Taking care of hardwood or laminate floors can be challenging given the everyday conditions of a family and pets.

Generally, there are two types of residential wood flooring: real wood (solid or engineered) and laminate that is man-made to look like wood.

Don’t know what you have exactly? No worries. When it comes to cleaning wood floors (solid, engineered or laminate), the only thing you need to figure out is whether or not your floors have a finish. You don’t really need to know the type of finish, just whether the floors have been treated to make them resistant to standing water, which is the enemy of all wood and wood-like floors.


To find out if your flooring is finished, drop a single drop of water on the floor. If it beads and just sits there, the flooring has been finished. If the drop soaks in and disappears, leaving a dark spot, the wood is not finished.

What follows is for finished solid or engineered wood and laminate flooring only. Unfinished hardwood cannot be mopped, since the floors will be damaged.

If your floor is unfinished, or if it’s an old wood floor and some of the finish has started to wear away, then don’t use any moisture or product. Just dust mop it with a flat-head mop.


When it comes to wood and laminate cleaners, you can spend a fortune on commercial products like Bona Black Diamond. Or you can make your own for pennies.

The key to making your own is similar to the commitment of a physician: First, do no harm. The trick is making a product that will clean well without harming the finish, even when used repeatedly over many years.


White vinegar is a fabulous cleaning product because it cuts through dirt well. But it is highly acidic and, used repeatedly over time, can attack the finish, making your floors look dull. Vinegar can also soften the finish, making it feel gummy or sticky. So, let’s just agree that when it comes to cleaning wood or laminate floors, no vinegar.


Alcohol is also a fantastic cleaning product — rubbing alcohol (70% is most common, but 91% works is great, too), denatured alcohol, even gin or plain vodka. It has a nearly neutral pH — neither acidic nor alkaline. This makes alcohol the perfect ingredient in your homemade cleaner to not only clean but also protect and preserve beautifully finished wood and laminate floors.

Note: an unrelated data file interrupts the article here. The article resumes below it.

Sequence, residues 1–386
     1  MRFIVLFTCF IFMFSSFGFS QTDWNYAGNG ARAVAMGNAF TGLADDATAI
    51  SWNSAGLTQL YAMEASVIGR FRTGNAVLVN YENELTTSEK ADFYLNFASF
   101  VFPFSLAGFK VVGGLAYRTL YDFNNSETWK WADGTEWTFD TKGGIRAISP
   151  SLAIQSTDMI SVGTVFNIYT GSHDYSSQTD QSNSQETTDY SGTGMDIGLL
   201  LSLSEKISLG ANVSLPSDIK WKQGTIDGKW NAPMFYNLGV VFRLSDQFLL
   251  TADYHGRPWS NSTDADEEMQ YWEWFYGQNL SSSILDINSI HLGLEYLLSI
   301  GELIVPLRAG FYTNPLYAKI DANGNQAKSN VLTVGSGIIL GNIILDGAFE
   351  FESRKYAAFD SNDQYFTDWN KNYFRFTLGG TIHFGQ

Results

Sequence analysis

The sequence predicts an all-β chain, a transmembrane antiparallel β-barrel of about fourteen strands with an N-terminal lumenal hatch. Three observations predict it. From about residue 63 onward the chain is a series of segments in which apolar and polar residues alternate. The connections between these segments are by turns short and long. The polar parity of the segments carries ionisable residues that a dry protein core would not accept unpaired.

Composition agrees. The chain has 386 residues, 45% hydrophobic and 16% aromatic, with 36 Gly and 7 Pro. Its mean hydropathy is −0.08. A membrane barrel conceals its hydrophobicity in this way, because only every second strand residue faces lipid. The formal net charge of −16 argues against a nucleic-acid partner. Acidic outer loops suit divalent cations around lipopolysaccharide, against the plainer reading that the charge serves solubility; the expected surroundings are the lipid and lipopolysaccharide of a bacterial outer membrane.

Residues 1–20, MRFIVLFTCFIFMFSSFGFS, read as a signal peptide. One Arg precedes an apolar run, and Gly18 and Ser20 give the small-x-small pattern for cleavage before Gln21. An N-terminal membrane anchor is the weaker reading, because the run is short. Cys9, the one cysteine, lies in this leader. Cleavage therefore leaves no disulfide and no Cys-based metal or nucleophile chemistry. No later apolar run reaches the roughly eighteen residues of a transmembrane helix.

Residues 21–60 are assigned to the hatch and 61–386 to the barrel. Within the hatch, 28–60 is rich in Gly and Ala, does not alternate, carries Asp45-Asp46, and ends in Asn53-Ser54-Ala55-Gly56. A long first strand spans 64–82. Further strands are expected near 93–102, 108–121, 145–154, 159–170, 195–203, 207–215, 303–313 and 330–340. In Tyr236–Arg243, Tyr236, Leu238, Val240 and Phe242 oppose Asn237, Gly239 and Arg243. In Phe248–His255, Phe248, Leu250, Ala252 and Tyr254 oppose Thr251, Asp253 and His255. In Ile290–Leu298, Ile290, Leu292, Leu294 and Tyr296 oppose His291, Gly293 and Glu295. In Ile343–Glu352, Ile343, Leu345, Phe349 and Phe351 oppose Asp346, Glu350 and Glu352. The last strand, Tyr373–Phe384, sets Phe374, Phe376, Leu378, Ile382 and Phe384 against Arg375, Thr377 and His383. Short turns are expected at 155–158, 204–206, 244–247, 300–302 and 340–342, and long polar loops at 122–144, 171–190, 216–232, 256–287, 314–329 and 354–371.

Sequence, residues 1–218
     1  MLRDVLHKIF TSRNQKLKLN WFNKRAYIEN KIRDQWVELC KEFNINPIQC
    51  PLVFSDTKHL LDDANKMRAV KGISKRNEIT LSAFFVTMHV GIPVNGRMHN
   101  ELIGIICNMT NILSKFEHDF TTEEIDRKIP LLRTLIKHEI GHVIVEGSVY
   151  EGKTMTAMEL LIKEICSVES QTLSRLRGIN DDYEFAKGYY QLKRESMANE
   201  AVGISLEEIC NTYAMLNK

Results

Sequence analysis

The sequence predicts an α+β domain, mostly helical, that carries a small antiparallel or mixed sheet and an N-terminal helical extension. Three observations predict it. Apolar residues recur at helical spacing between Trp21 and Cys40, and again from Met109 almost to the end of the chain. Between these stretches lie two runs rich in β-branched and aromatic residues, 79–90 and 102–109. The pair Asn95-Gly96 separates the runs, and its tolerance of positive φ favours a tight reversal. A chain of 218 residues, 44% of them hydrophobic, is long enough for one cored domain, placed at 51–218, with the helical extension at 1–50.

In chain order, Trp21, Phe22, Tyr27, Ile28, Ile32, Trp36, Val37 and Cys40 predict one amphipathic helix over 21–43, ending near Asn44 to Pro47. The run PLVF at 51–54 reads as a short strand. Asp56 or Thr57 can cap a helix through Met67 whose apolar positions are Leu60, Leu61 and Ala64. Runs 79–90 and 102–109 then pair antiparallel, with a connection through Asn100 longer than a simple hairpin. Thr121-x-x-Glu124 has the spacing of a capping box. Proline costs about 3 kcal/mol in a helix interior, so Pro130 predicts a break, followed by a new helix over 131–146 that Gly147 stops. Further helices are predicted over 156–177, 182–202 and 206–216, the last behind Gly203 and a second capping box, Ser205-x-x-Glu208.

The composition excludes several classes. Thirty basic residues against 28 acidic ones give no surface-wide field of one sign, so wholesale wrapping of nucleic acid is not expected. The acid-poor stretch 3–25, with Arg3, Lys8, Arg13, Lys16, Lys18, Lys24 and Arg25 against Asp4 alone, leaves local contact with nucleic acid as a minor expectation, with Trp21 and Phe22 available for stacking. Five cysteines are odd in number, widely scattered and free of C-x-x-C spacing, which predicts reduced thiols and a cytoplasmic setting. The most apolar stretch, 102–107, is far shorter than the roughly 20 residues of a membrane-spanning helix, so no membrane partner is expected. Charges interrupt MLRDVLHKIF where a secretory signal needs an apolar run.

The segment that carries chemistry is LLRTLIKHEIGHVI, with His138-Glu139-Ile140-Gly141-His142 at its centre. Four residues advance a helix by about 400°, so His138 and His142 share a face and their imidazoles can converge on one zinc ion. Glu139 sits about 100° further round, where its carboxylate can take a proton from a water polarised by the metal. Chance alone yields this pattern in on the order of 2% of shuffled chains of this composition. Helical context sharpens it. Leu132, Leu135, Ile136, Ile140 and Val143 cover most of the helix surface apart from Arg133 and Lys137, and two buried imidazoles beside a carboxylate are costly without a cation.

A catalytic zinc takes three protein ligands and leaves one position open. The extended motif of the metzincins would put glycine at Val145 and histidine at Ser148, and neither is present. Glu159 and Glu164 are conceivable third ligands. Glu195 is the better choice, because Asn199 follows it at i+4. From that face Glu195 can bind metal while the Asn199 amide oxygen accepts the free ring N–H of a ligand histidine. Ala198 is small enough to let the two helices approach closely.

Use distilled water in your floor cleaner (available in any supermarket) to eliminate streaking, hard watermarks and mineral buildup.


A very small amount of Blue Dawn — not so much that it requires rinsing — will break the surface tension of the water, making the cleaner much more effective.


It’s 1 part alcohol to 4 parts distilled water plus a few drops blue Dawn dishwashing liquid. Here it is again:

1 part alcohol

4 parts distilled water

2 or 3 drops Blue Dawn

Example: 1/4 cup alcohol, 1 cup distilled water, 2 drops Blue Dawn.

Mix this up in a spray bottle each time you clean the floors. If you make it ahead of time, be sure to label it well and keep it out of the reach of children.


Sweep or vacuum the floor. Spray the cleaner in a small area. Scrub well with a cloth or sponge. And immediately wipe the area dry with a microfiber cloth.

The secret is to spray, scrub and wipe dry immediately. If you do not want to do this on your hands and knees, I recommend using a microfiber spray mop, which works well on both wood and laminate floors.

Taking good care of your wood and laminate floors will not only keep your home looking great; you’ll be protecting your home’s value, which is likely one of the biggest investments you will ever make.

Mary invites questions, comments and tips at EverydayCheapskate.com, “Ask Mary a Question.” This column will answer questions of general interest, but letters cannot be answered individually. Mary Hunt is the founder of Debt-Proof Living, a personal finance member website and the author of the book Debt-Proof Living, Revell 2014. To find out more about Mary visit the Creators Syndicate Web page at www. creators.com.


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